MySQL has a multitude of functions and identifiers which are designated Reserved Words. Since these reserved words have special meaning or functions within the MySQL language, it is best to avoid using them as table, column or field names if at all possible. The best known are CREATE, SELECT, UPDATE and DROP. These reserved words are used as commands in MySQL for performing database operations. These commands are used to create, change or delete databases and datasets. Reserved words in MySQL are usually uppercase to distinguish them from the rest of the MySQL command in documentation, syntax examples, etc. but are actually case-insensitive. While you may be able to type MySQL reserved words in all lowercase without functionality being compromised, it is best practice to follow the de facto standard.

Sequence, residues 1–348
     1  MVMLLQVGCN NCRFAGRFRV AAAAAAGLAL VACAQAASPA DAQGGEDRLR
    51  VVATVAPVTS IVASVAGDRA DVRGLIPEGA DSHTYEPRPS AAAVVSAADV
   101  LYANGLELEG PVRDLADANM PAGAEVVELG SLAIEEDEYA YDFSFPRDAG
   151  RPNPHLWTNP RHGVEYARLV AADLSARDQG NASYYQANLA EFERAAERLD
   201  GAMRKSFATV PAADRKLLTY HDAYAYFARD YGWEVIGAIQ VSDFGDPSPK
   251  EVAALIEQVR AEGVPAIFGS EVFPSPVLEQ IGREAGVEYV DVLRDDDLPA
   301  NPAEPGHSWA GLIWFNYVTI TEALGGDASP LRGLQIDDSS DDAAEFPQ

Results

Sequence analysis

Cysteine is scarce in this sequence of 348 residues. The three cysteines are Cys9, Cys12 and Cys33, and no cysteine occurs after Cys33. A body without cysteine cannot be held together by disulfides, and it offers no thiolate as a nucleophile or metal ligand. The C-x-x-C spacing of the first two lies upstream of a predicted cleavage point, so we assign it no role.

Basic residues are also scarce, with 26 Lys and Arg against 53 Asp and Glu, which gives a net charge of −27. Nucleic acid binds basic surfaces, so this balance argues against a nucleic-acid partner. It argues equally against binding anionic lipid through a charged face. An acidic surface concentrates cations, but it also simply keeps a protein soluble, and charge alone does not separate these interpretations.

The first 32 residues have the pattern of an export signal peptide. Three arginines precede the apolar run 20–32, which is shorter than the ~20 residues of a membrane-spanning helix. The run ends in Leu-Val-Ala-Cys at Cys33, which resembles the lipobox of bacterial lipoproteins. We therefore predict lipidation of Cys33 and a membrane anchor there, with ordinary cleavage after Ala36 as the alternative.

There is a different list of reserved words for each version of MySQL due to the introduction of new functions. The list of reserved words is backwards compatible. In other words, the terms that were reserved in MySQL 4.0 are still reserved in the current release of MySQL.
Correct using quotation marks:
Correct using the table name: